Reformation 2017

500 years after Luther tacked his 95 theses on the church door, Seattle has its own reformer.

Well over a year ago, University Congregational United Church of Christ member, Rock Moulton first talked to me about his conviction that as we prepare for a historical commemoration of the Reformation that we need a New 95 Theses focused on injustice and the failure of compassion.

Like Luther’s 95 theses, Rock believes we need to post on the doors of our churches and the doors of our hearts issues of injustice.  Issues that I often fail to see or know how to respond to.  Issues like racial inequity, the criminal justice system and incarceration society, gender equity and environmental justice.  As Rock puts it, “The New 95 seeks to provide resources to empower people to take action, and to expand our justice ministry to the wider community.”

I will leave it to Rock to speak more about the specifics of the project and I know he welcomes your engagement and imagination on how and where this idea could take root.  I’ve included here some pictures from the display at University Congregational UCC on Rock’s project and you can link in to find out more at his website at

What I want to testify to today is the difference it has made to me when someone like Rock has an idea and makes the commitment to say that it matters and shares it with others.  What a difference it makes when someone invests in an audacious and grand idea in the hope that it might catch on and catch fire in others imaginations.

Perhaps the tending of the ideas and imagination we have been given is the very heart of reformation.  It’s the conviction to believe that the story is not over yet, that there is somewhere wider and deeper that we are called to go.  It’s the conviction that we don’t need only to remember what was happening in the church 500 years ago but must wrestle with naming where we stand today and how we hope to step into tomorrow.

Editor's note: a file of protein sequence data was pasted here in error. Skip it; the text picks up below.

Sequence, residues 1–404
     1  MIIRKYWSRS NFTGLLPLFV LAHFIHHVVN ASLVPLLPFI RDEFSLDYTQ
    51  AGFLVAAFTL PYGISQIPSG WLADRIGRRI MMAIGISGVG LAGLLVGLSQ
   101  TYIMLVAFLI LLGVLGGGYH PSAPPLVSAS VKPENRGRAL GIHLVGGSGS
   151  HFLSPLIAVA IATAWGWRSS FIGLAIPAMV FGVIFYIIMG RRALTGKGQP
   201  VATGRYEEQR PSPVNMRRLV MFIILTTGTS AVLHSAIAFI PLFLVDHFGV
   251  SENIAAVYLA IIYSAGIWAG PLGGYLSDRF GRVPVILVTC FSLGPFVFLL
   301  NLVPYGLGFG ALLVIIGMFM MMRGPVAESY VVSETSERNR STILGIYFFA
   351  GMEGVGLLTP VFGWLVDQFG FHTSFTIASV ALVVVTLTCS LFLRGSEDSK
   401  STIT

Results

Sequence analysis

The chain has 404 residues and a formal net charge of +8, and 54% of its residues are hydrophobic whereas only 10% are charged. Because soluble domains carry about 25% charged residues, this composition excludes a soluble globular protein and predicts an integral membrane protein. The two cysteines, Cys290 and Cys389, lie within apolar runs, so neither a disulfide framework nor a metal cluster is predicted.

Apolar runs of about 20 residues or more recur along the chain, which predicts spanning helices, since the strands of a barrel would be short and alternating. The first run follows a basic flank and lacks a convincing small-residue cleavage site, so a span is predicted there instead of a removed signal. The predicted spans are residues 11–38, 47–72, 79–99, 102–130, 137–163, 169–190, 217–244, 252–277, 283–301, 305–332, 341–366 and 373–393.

Rock has taken his little idea and grand vision to share in Germany at Kirchentag – a biennial meeting/convention/festival for the German reformed church.  Rock set up at booth in the “Marketplace of Possibilities” (which filled four huge exhibition rooms!)  As he put it, “My goal was to encourage others to take up a similar project in their own countries and post their own thesis.”  He took his idea to the General Synod of the United Church of Christ in Baltimore last summer as well.

I know it must be discouraging that these little ideas we are given sometimes don’t seem to take root and catch fire as we hoped they might.  And yet, I for one want to testify that the sharing of these ideas make a difference.

This Reformation Sunday I won’t so much remember all that Martin Luther and the reformers did (most of which I have forgotten since divinity school!) but see and celebrate what Rock is doing today – calling the church to wrestle with where we stand and who we stand with and for.  His call and challenge for us to step forth into a deeper love and wider justice for all.

After attending Kirchentag, Rock wrote, “I had no idea that something like this was possible. I might go to the next one to see everything else.”

Thank you Rock for inspiring this pastor to see beyond what I thought was possible to what might yet be.  Thanks for reminding me that the work of reformation keeps on.